As we head towards the end of the year it’s the time to collect and collate the statistics for the use of our collections in 2011. By combining the information recorded in our enquiries database with the records of visitors to our reading room the most popular collections this year were… in third place the university’s own institutional records; in second the papers of the filmmaker Lindsay Anderson; and comfortably ahead in first place the John Grierson Archive.
Often described as ‘the father of documentary filmmaking’ John Grierson had a long and colourful career directing and producing documentaries, and making an important contribution to the development of filmmaking in Britain and the Commonwealth. Grierson’s archive provides a comprehensive record of his working life, from his work as a pioneering documentary filmmaker in the 1920s, the establishment of the GPO Film Unit in the 1930s, and National Film Board of Canada in the 1940s, through to his later years when he brought the best of the world’s documentary films into the living rooms of Scottish viewers in the late 1950s and early 1960s on the television programme This Wonderful World.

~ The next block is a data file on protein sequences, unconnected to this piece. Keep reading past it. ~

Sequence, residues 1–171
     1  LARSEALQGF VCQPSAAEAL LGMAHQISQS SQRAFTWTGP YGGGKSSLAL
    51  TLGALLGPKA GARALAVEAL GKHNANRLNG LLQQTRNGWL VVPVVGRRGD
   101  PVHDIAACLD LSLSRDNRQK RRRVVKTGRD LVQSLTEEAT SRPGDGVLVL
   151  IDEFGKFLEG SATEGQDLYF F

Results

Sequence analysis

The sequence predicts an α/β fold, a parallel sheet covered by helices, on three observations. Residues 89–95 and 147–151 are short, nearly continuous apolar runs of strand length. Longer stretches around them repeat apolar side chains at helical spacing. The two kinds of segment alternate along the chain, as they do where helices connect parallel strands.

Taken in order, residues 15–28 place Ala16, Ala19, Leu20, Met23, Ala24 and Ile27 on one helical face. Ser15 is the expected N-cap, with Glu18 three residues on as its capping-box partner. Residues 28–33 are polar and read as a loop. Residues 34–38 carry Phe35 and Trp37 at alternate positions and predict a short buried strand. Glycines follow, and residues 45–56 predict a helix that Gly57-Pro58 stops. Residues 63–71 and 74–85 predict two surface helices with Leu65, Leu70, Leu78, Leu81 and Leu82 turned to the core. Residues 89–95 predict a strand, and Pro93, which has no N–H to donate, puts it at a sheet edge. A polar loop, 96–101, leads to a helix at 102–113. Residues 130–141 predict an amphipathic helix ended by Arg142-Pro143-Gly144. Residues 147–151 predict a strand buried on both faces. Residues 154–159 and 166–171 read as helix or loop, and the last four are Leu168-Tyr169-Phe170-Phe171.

The wide variety of subjects related to Grierson for which we received enquiries in the past 12 months reflects his long and varied career. And their geographical spread highlight his international importance and influence with enquiries received, and researchers visiting the archive, from across Europe, Canada, the USA, Australia and New Zealand. Deposited with the university in the early 1970s the Grierson Archive has been a major resource for those interested in the history of documentary and the development of cinema for many years. Our statistics for this year show quite clearly that the collection’s research possibilities have yet to be exhausted!